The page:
US, Canada to update Great Lakes water agreement

NIAGARA FALLS, Ontario (AP) June 13, 2009— The United States and Canada say they will update a key agreement to protect the Great Lakes from invasive species, climate change and other established and emerging threats to the world’s biggest surface freshwater system.

Secretary of State Hillary Rodham Clinton said Saturday that the Great Lakes Water Quality Agreement, which was last amended in 1987, is no longer sufficient.

She announced the deal to revise it — something environmental groups have been pushing for — with Canadian Foreign Affairs Minister Lawrence Cannon during a ceremony marking the 100th anniversary of the Boundary Waters Treaty of 1909. The treaty created an international commission to settle water-related disputes between the two countries.

“It’s crucial that we honor the terms of the Great Lakes agreement as it stands today,” Clinton said on the international Rainbow Bridge with Niagara Falls as a backdrop. “But we also have to update it to reflect new knowledge, new technology, and, unfortunately, new threats.”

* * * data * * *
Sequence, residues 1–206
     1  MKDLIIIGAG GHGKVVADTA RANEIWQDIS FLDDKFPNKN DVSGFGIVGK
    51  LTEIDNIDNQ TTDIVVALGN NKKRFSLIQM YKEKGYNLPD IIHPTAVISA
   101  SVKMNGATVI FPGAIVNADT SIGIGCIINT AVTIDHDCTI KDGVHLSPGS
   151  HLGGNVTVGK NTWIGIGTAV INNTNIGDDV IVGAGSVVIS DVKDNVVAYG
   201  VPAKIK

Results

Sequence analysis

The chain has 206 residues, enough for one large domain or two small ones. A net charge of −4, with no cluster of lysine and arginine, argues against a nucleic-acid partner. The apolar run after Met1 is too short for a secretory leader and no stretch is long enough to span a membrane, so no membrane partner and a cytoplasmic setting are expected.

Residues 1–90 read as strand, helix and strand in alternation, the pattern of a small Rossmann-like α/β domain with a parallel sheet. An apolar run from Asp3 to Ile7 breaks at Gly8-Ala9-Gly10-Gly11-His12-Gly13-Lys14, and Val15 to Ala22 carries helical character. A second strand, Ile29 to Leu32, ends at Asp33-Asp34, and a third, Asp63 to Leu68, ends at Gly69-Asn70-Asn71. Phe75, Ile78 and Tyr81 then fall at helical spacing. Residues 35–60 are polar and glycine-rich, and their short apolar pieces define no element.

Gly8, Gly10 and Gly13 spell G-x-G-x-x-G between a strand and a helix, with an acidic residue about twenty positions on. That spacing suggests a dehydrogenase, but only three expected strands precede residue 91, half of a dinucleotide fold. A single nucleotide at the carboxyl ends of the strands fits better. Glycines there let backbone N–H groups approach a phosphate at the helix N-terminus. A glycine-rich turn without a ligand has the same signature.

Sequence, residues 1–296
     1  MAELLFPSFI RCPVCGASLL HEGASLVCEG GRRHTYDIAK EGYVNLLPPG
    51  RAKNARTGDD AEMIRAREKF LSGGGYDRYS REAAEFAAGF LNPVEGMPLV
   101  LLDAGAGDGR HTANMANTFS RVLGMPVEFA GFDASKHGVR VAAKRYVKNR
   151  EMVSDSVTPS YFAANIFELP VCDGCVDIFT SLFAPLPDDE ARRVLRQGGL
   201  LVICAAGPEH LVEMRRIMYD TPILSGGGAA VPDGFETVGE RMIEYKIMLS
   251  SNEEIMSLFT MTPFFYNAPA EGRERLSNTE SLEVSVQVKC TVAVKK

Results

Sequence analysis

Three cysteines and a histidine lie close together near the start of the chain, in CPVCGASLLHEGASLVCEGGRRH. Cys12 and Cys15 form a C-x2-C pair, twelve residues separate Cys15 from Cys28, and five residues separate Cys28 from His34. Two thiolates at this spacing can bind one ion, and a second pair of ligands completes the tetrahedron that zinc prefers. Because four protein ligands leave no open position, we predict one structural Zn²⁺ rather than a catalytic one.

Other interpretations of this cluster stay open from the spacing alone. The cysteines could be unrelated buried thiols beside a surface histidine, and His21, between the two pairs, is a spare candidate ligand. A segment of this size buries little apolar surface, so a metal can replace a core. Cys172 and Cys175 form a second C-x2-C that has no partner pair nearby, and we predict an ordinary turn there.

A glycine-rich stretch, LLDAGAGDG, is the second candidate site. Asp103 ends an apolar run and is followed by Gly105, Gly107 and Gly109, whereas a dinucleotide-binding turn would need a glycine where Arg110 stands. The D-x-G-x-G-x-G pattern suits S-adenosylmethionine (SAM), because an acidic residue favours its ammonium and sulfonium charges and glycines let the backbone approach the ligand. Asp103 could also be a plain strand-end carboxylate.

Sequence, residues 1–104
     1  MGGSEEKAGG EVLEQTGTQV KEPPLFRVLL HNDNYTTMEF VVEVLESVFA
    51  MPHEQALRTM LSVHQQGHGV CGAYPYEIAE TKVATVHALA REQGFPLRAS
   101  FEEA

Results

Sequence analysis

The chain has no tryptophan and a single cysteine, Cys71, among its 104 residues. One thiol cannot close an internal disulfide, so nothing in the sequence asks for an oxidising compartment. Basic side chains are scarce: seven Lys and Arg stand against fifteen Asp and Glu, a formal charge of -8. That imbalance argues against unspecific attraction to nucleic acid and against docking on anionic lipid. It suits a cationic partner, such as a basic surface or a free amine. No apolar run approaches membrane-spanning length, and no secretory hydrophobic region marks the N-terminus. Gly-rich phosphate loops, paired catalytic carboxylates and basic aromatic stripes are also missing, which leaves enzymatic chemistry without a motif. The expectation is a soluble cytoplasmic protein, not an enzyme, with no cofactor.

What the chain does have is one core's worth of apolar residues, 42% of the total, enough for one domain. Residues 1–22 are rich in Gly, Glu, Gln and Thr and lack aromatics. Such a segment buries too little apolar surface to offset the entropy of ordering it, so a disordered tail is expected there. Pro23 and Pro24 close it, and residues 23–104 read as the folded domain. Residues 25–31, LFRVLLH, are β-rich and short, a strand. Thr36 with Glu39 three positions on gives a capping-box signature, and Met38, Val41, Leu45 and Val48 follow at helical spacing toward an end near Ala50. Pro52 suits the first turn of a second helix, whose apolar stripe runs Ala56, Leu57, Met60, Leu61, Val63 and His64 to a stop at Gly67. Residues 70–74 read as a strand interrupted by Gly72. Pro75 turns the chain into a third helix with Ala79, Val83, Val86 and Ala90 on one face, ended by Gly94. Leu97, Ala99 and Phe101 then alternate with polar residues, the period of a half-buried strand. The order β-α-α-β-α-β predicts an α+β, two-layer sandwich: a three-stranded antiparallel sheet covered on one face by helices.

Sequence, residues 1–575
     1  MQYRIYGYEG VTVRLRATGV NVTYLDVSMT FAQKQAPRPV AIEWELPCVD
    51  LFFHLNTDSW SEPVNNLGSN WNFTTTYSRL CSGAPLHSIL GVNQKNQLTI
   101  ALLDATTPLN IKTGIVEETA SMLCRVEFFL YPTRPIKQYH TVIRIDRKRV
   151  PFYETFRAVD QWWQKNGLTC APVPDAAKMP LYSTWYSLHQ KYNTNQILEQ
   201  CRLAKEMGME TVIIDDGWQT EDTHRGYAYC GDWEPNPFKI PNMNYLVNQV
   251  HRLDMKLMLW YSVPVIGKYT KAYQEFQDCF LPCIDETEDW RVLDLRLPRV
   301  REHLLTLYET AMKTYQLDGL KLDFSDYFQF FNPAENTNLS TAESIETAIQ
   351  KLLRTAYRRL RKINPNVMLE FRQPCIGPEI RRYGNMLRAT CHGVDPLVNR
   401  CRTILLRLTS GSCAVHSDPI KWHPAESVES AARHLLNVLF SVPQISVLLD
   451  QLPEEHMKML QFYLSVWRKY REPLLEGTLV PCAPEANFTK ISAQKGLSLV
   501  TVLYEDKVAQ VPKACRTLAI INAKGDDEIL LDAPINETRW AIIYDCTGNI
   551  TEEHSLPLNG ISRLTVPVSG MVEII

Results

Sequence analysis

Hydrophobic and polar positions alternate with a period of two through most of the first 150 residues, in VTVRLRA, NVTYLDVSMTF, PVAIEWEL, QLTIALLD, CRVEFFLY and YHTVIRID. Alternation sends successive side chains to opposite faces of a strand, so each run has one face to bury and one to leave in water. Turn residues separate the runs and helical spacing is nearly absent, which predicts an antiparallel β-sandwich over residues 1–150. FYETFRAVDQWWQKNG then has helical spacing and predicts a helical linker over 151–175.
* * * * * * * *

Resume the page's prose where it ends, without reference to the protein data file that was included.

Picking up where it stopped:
The agreement commits the United States and Canada to restore and maintain the chemical, physical and biological integrity of the Great Lakes Basin ecosystem. Since the agreement was first signed in 1972, levels of polychlorinated biphenyls, mercury, dioxin and other pollutants have dropped and the lakes have seen the return of the bald eagle and other species.

But Great Lakes states and provinces have worried in recent years that the cleanup has lost momentum amid new threats from the growing population, new chemicals and climate change.

“Today the Great Lakes face a number of new challenges and as a result, we are taking new steps to protect them,” Cannon said. “We will work together to make sure that citizens of both countries have access to safe, clean, healthy water.”

Cannon and Clinton met privately after the ceremony on other issues, including Canada’s opposition to the “buy American” provision in the U.S. federal stimulus bill, which requires the use of U.S.-manufactured products on projects that accept money from the stimulus. Since the provision was introduced, Canadian companies have said they have had trouble winning government contracts in U.S states and cities, something Clinton said would be looked at.


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